To rediscover why justice is good, start by closing your eyes.
Why do you suppose Lady Justice wears a blindfold? Many people say it's because she symbolizes impartiality, because she ignores a person's wealth or influence, and because she metes out justice solely based on the weight of facts placed on her scale.
The point is not that wealth is bad, because...this is America: we don't disparage wealth. But we do get upset when justice is denied because someone cannot afford access to the legal system.
What most people don't realize is that this proverbial person who cannot afford justice is actually you.
On one hand, you have wealthy, litigious Americans who seems to sue just about anybody they don't like (example: Donald Trump). On the other hand, you have the rest of us: we can only afford to sue when the economics make sense, and for most of us, most of the time, they don't.
Maybe you bought a coffee from Starbucks and you found sand in it. Maybe your gallon of milk spoiled before its expiration date. We face daily frustrations over minor purchases that fail to meet our expectations, and most of the time, these frustrations go unresolved.There are literally thousands of mundane moments like this in a given year.
What frustrates us most is the logic of the whole thing.
Although we feel strongly that we're entitled to get our money back, we can't afford to pursue the claim, because it would cost more to pursue than we stand to gain. The traditional law firm model that begins at $250/hour simply cannot address most of our legal problems.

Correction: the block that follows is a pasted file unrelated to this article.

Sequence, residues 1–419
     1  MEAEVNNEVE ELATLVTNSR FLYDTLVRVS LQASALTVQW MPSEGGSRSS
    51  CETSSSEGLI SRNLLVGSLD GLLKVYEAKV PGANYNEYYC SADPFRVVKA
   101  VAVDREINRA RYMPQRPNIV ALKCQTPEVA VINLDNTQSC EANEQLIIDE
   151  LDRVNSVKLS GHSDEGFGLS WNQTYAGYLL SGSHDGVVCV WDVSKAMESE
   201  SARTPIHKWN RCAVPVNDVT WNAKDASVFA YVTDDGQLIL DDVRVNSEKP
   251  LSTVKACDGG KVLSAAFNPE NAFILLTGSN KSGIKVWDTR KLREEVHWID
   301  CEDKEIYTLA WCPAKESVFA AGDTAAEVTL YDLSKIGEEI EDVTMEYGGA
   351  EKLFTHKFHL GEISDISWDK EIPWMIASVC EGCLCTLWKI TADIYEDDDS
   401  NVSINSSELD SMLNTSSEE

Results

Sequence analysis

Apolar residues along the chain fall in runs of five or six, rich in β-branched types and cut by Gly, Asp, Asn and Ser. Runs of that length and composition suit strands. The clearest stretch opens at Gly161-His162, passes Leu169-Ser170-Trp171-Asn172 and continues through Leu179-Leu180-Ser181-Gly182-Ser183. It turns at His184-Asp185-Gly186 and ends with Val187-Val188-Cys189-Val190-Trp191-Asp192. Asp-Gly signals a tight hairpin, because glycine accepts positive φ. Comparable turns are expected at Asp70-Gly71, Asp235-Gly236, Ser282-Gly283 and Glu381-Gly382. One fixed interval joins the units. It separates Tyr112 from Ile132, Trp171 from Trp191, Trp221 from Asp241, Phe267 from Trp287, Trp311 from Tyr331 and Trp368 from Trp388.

This is why Lady Justice wears a blindfold. Because if she took it off, she would see (what I call) the "low-value claim problem," and I'm afraid to think of what she might then do with that sword.
"In matters of truth and justice, there is no difference between large and small problems, for issues concerning the treatment of people are all the same." --Albert Einstein
Brilliant guy, that Einstein, but he was not an economist.
The fact is that most of the legitimate legal claims we face in life involve dollar amounts too low to justify our pursuit.
It's not because some dollar amounts are too low to concern justice; for justice is always concerned. It's because the hard costs of accessing the legal system, whether by hiring an attorney or doing the legal legwork yourself, are often too high, even at the low-end, to convince us that pursuing some low-value claim would be worth it. In fact, that's why we tend to signal giving up by asking the question, "is this really worth it?" The answer for most claims we face in life is no.
Bottom line: getting what you're legally entitled to should not entail the economic question of affordability.
That's why we founded Veeto.
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